Monday, 10 May 2021

Pentecost without division

A sermon for Bloomsbury Central Baptist Church

Pentecost Sunday, 23rd May 2021

Acts 2.1-21

Listen to this sermon here:

Today is a moment of change, a day of significant transition,

            in the life of the gathered people of God.


Today, the church moves from one way of being to another,

            from one mode of existence to another.


And I’m speaking, of course,

            not just about the fact that today is the beginning

                        of our new weekly hybrid worship services

                        based once again in our building on Shaftesbury Avenue,

            after a year of worshipping mostly online due to the pandemic.


But also about that fact that today is Pentecost Sunday,

            when everything changed for the early Christians in Jerusalem,

            and after which nothing was ever the same again.


That first Pentecost, fifty days after Passover,

            was the day that Spirit of Jesus came upon the disciples in a powerful way,

            leading them to speak of the experience as a rushing wind, as a burning fire,

as they sought to explain the intensity

            of their Pentecostal experience of the Spirit of God.


It seems the descent of the Spirit upon these early disciples

            transformed their experience of the world irrevocably:

Suddenly, barriers which had always divided people, one from another,

            barriers of ethnicity, language, gender, class, economic circumstance, and age

were broken down by and rendered obsolete,

            as the Spirit came on all people, equally, without distinction.


Those gathered there in Jerusalem, from many nations, cultures, and languages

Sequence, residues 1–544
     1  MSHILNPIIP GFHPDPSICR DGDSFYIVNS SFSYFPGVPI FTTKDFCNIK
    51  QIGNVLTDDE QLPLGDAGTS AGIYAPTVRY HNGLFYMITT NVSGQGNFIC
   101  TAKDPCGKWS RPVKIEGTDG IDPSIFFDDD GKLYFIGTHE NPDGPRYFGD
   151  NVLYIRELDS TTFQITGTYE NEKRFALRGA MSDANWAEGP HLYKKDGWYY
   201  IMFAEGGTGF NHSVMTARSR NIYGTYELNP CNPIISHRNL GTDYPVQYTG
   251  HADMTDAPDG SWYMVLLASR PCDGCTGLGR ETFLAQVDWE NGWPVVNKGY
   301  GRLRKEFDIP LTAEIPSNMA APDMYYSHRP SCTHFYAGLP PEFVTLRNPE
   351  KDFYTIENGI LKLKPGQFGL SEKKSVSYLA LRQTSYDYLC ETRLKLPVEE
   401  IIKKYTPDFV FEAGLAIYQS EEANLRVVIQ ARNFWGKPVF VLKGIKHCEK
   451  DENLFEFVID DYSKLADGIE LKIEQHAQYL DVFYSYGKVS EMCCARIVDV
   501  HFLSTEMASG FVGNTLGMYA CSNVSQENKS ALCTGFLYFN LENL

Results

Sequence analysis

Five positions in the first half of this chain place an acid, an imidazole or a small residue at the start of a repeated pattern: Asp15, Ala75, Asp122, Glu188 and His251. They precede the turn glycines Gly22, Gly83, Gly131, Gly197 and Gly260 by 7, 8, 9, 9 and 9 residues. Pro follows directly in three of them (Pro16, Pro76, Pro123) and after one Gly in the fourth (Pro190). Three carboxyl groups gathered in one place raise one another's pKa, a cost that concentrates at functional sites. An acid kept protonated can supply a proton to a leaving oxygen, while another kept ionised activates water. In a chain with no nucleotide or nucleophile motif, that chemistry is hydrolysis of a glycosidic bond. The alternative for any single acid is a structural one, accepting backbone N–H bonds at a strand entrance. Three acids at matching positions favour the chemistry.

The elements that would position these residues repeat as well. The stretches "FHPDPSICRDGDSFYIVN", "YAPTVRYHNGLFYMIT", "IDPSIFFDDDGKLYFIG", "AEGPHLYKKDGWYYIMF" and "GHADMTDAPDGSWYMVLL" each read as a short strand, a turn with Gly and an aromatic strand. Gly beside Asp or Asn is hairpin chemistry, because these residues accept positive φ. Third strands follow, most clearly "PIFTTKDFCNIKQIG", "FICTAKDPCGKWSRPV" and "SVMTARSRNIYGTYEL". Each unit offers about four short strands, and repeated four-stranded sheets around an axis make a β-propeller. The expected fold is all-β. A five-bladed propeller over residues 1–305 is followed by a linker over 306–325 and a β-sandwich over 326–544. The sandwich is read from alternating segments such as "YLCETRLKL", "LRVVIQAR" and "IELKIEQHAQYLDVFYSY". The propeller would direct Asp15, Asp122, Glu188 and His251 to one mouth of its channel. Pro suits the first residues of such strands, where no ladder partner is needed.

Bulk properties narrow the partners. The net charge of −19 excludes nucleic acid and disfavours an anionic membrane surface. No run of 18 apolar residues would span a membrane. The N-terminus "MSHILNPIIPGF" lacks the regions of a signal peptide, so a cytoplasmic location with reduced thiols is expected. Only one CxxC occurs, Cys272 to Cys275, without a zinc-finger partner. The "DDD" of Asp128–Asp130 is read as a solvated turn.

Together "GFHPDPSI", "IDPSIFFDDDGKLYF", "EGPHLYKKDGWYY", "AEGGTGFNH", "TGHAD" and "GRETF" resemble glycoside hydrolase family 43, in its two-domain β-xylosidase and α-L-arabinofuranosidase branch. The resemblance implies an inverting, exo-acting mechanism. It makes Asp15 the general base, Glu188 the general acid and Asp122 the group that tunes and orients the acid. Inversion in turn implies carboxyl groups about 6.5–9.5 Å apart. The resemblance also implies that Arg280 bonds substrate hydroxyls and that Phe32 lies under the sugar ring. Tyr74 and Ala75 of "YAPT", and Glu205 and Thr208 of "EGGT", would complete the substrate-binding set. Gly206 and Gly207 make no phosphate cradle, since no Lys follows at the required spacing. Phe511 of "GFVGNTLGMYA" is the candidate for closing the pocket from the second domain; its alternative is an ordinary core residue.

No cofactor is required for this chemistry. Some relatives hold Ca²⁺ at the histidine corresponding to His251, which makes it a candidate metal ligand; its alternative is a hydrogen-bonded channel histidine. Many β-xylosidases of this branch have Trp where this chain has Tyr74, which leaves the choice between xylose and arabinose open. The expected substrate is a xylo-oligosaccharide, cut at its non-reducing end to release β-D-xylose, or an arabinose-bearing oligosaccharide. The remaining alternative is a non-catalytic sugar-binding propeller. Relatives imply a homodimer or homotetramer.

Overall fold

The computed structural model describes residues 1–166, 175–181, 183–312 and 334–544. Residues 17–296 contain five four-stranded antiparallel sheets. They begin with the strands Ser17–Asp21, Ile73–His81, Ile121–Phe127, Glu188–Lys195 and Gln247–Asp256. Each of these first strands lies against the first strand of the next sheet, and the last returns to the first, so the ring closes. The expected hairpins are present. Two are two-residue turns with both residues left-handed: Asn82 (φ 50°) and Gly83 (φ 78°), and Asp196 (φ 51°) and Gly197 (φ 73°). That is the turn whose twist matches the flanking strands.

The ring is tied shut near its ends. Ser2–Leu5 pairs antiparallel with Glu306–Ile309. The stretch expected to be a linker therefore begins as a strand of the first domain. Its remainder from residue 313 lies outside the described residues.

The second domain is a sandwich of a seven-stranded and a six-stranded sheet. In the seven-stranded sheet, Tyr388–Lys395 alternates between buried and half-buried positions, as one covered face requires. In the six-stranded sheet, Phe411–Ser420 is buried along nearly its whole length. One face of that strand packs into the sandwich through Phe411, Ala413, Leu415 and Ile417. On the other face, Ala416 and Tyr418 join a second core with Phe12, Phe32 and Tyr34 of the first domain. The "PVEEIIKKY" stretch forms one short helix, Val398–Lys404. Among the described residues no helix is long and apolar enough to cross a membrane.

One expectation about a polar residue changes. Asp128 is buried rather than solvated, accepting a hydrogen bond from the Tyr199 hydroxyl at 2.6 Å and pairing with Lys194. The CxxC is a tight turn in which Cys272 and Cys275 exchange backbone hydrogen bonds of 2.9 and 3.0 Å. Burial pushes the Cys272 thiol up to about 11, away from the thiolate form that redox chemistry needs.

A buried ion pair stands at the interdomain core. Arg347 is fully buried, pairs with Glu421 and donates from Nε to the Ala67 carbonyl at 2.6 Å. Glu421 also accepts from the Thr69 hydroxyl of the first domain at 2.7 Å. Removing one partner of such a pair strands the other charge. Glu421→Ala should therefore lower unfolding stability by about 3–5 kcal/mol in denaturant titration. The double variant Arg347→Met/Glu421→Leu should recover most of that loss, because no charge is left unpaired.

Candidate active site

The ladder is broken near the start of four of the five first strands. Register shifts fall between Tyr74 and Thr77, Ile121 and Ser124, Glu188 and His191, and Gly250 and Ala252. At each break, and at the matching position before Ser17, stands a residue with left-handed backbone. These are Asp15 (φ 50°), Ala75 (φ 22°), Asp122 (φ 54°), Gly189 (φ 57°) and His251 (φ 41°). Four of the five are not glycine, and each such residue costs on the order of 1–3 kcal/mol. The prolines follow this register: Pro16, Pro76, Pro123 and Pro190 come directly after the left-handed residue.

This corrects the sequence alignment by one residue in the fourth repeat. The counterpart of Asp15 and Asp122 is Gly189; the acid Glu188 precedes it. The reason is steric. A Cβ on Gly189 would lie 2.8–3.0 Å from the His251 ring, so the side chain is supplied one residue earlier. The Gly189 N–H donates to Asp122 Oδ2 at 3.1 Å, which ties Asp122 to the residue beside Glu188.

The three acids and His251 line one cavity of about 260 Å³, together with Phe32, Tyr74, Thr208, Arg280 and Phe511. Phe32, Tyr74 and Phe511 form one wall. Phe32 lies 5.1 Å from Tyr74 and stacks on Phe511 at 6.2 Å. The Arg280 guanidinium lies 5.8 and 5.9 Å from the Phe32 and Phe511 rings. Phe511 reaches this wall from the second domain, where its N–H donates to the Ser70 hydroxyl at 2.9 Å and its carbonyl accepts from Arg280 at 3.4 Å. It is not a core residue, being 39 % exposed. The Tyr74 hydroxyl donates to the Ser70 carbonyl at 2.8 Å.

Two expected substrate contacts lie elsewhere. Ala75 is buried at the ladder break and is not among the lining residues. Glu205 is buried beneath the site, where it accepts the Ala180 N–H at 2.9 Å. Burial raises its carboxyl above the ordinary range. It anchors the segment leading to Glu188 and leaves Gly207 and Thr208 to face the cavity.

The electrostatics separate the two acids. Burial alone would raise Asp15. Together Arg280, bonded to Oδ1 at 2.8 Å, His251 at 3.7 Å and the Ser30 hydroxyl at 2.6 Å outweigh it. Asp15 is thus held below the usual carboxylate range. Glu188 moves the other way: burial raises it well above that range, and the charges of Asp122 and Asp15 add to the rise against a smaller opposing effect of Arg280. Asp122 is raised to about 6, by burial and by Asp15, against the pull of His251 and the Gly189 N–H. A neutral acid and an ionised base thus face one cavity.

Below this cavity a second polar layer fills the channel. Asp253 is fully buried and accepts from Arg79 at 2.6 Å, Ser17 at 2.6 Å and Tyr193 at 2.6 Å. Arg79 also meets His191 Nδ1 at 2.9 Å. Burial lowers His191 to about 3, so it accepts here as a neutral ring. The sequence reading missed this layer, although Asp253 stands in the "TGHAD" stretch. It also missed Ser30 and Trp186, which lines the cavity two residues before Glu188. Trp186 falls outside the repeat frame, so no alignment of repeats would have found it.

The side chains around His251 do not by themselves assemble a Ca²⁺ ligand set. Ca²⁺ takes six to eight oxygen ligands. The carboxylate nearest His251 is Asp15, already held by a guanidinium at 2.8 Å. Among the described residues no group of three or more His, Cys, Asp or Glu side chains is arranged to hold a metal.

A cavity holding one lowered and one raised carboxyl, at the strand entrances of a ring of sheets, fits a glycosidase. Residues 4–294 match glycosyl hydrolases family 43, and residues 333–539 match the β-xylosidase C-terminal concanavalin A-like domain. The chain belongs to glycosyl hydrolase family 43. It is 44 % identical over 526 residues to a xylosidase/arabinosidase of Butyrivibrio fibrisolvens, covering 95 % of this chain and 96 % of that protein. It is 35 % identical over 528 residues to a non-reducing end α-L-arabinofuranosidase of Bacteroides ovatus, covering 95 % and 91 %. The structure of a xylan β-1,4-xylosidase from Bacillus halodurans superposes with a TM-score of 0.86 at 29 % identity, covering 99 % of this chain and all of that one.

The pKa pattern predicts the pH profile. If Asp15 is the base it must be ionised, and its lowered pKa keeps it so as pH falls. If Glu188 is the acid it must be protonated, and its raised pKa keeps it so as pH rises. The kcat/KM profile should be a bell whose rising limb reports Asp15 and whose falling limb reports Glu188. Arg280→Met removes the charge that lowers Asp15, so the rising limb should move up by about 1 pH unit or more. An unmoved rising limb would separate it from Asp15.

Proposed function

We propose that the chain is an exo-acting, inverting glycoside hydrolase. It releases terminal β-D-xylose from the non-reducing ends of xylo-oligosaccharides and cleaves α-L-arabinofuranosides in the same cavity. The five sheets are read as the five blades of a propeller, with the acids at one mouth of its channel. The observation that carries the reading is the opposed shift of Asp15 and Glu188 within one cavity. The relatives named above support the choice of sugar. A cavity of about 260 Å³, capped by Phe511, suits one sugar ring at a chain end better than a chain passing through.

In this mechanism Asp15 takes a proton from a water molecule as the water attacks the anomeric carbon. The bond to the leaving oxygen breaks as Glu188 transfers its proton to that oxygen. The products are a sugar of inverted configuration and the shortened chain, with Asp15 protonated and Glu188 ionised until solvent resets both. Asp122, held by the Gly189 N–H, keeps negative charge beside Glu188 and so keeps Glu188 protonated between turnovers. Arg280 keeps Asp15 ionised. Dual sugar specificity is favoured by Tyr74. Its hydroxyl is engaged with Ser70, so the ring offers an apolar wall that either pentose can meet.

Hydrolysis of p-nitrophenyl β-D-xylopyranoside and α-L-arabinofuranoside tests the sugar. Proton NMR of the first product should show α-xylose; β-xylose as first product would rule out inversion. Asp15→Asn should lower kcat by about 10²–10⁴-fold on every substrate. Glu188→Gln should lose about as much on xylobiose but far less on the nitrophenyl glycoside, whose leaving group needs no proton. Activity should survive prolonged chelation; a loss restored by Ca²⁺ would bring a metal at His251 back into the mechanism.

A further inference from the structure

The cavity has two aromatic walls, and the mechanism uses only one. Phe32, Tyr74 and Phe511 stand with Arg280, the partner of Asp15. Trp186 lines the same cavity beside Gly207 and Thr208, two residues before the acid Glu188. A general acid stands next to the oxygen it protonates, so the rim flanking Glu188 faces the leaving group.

suddenly found themselves able to hear and understand,

                        each in their own language,

            the truth of the mighty deeds of God’s power

                        as they had been revealed in the life and person of Jesus Christ.


And so, suddenly, by the gift of the Spirit, a new community was created!


A community where the gift of mutual relationship and understanding

                        was given by the Spirit;

            a community where Babel’s curse of a divided humanity was reversed.


The events of Pentecost have sometimes been called

            the birthday of the church,

and this can be a useful way to think of it,

            because it was with the coming of the Spirit on the followers of Jesus

                        that a new community was born,

            a community quite unlike which had preceded it.


A community which continues down to us, here today.


You see, the gift of the Spirit of Jesus

            broke down far more than just the language barrier

                        that everyone remembers

                        as the spectacular miracle of Pentecost.


When Peter, one of the twelve, came to give his sermon,

            to explain to those watching on

                        the significance of what they’d just seen,

he went back into the Old Testament

            and turned to a prophecy by Joel:


‘In the last days … I will pour out my Spirit upon all flesh, and your sons and your daughters shall prophesy, and your young men shall see visions, and your old men shall dream dreams. Even upon my slaves, both men and women, in those days I will pour out my Spirit; and they shall prophesy.’ (2.17-18)


It’s not just nationality and language-based divisions

            that were broken down here:

The Spirit had been poured out equally

            on male and female,

            on young and old,

            and on slave and slave-owner.


All the traditional divisions

            of gender, age, class, and ethnicity

were transcended in the Pentecostal gift of the Spirit.


And this had some profound implications

            for the ongoing life of the church

            which was born that first Pentecost.


And it also has some profound implications for us, here today…

            because to this day, Christians hold that all those who receive Jesus

                        also receive the gift of his Spirit.